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February 8, 2005
2005 Witter Bynner Fellows Martin Walls and Claudia Emerson To Read on Feb. 24
Poet Laureate Consultant in Poetry Ted Kooser has chosen Martin Walls and Claudia Emerson as the 2005 Witter Bynner Fellows in Poetry. A reading of poetry by Walls and Emerson on Feb. 24 will mark their awards. They will each receive $10,000 fellowships, which are granted by the Witter Bynner Foundation in conjunction with the Library of Congress.
The reading will be at the Library of Congress at 6:45 p.m., on Thursday, Feb. 24, in the Library’s Montpelier Room, on the sixth floor of the James Madison Building, 101 Independence Ave. S.E., Washington, D.C. Kooser will introduce Walls and Emerson. Tickets are not required.
The fellowships are to be used to support the writing of poetry. Only two things are asked of the fellows: that they organize a local poetry reading (this year, in New York for Walls and in Virginia for Emerson) and that they participate in a poetry reading at the Library of Congress.
Claudia Emerson’s poems have appeared in the literary journals Poetry, The Southern Review, Shenandoah, TriQuarterly, Crazyhorse, New England Review and others. Her poetry collections "Pharaoh, Pharaoh" (1997) and "Pinion, an Elegy" (2002) were published as part of Louisiana State University Press’s signature series, Southern Messenger Poets, edited by Dave Smith; "Late Wife" (forthcoming) is also part of the series. Emerson has been awarded individual artist’s fellowships from the National Endowment for the Arts and the Virginia Commission for the Arts. She earned a bachelor’s degree from the University of Virginia and her master of fine arts degree from the University of North Carolina at Greensboro, where she was poetry editor for The Greensboro Review. She is associate professor of English at Mary Washington College in Fredericksburg, VA.
Martin Walls was born in Brighton, England, and grew up in its sister town, Hove. He was educated at Cardinal Newman School, where he first studied poetry seriously, and the University of East Anglia, in Norwich, where he earned a degree in American and English literature. He spent his junior year at Trinity College in Hartford, Conn. Walls holds a master of fine arts degree from Purdue University, where he was poetry editor of Sycamore Review. He has taught at Purdue; Ball State University; Onandaga Community College in Syracuse, N.Y.; and at Syracuse University. As a journalist, he was managing editor at Eagle Newspapers; he is currently assistant editor of Making Music, a magazine for music-making hobbyists, and a senior writer for International Musician, the journal of the American Federation of Musicians. Walls is the author of two books of poems: forthcoming from March Street Press is "Commonwealth," the follow-up to "Small Human Detail in Care of National Trust," published in 2000 by New Issues Press.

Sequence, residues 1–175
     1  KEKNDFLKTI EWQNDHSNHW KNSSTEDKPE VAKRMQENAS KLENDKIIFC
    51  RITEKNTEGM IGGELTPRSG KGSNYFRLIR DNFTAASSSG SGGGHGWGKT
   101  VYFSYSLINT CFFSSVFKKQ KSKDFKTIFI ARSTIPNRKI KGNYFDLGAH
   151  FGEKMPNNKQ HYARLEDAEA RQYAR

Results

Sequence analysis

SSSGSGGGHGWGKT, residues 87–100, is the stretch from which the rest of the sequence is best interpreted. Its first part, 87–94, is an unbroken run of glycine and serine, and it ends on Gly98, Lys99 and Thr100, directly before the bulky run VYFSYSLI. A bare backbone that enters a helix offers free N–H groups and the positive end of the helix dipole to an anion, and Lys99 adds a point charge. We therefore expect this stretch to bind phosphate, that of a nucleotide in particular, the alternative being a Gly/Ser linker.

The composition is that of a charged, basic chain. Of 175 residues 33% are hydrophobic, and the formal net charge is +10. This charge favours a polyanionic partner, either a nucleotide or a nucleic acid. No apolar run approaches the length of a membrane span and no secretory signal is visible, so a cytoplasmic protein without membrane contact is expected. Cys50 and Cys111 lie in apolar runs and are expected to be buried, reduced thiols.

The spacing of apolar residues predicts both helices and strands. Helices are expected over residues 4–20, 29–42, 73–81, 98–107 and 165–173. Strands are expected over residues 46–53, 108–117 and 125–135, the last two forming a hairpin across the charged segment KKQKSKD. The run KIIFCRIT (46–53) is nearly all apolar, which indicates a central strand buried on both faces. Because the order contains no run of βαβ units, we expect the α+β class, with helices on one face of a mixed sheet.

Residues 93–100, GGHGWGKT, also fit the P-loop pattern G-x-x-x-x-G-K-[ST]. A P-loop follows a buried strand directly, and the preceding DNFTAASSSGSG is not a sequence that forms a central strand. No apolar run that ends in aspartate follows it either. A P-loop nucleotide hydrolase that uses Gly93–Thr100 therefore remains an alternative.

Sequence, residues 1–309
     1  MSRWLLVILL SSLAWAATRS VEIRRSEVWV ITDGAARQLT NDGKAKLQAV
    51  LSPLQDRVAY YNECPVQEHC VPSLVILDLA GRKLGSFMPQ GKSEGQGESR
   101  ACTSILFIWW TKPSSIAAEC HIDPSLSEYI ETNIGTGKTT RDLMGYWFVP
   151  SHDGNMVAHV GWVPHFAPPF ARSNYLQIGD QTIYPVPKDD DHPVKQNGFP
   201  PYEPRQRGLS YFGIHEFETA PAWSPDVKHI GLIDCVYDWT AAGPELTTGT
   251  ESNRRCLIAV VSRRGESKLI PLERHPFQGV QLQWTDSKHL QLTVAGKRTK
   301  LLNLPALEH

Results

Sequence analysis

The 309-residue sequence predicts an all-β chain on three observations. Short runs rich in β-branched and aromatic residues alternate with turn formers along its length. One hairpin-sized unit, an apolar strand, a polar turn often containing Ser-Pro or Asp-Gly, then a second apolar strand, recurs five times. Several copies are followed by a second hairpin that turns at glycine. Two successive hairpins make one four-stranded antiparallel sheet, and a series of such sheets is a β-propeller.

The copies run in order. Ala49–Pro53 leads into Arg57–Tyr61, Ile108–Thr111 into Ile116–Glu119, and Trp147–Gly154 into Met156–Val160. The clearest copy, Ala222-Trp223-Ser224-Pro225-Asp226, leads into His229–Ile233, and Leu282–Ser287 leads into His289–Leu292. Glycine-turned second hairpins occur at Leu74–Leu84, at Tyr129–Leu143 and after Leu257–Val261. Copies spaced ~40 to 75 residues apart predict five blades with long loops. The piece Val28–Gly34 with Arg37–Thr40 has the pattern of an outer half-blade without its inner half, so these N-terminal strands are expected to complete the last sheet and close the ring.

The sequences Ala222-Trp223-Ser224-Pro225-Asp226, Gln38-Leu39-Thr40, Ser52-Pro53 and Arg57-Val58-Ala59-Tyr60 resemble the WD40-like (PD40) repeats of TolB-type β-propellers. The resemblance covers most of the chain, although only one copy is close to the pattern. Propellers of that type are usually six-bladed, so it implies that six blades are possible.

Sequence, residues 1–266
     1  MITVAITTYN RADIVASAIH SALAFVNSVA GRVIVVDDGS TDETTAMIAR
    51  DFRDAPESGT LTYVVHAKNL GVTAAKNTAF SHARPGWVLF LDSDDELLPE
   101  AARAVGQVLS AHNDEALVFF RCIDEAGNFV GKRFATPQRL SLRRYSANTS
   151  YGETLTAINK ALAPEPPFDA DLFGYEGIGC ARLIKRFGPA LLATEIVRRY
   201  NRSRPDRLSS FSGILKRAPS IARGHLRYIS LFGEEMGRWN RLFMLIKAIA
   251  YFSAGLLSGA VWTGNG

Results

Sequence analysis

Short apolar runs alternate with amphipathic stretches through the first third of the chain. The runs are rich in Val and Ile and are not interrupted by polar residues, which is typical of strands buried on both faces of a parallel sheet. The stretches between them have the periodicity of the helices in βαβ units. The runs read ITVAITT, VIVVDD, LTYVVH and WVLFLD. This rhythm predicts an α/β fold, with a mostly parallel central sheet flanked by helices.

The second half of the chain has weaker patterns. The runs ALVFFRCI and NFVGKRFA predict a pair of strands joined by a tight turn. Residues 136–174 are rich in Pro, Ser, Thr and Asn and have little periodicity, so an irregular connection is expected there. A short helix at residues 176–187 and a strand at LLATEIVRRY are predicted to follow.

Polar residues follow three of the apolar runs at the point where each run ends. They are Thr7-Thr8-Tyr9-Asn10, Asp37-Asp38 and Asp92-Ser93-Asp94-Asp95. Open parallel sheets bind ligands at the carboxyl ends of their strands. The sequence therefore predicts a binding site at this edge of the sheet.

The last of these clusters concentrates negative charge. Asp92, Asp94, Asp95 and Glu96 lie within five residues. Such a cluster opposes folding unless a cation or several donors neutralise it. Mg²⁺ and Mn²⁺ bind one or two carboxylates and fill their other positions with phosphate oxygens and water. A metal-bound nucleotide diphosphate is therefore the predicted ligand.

The funding source for these fellowships, the Witter Bynner Foundation for Poetry, was incorporated in 1972 in New Mexico to provide grant support for programs in poetry through nonprofit organizations. Bynner was an influential early 20th century poet and translator of the Chinese classic the "Tao Te Ching," which he named "The Way of Life According to Laotzu." He traveled with D.H. and Frieda Lawrence and proposed to Edna St. Vincent Millay (she accepted, but then they changed their minds). He worked at McClure’s magazine, where he published A.E. Houseman for the first time in the United States and was one of O. Henry’s early fans.
This is the fellowship’s eighth year. Previous fellows were: Carol Muske and Carl Phillips (1998); David Gewanter, Heather McHugh, and Campbell McGrath (1999); and Naomi Shihab Nye and Joshua Weiner (2000)--all appointed by Robert Pinsky—Tory Dent and Nick Flynn (2001), appointed by Stanley Kunitz; George Bilgere and Katia Kapovich (2002) and Major Jackson and Rebecca Wee (2003), appointed by Billy Collins; and Dana Levin and Spencer Reece (2004), appointed by Louise Glück.
The Poetry and Literature Center administers the annual poetry and literature reading series at the Library, sponsored since 1951 by the Library’s Gertrude Clarke Whittall Poetry and Literature Fund, and is the home of the Poet Laureate Consultant in Poetry, a position which has existed since 1936. The Poet Laureate suggests authors to read in the literary series and plans special literary events during the reading season. For more information about the Library’s Poetry and Literature Center, the Poet Laureate Consultant in Poetry and related events, visit the Web site at www.loc.gov/poetry/.
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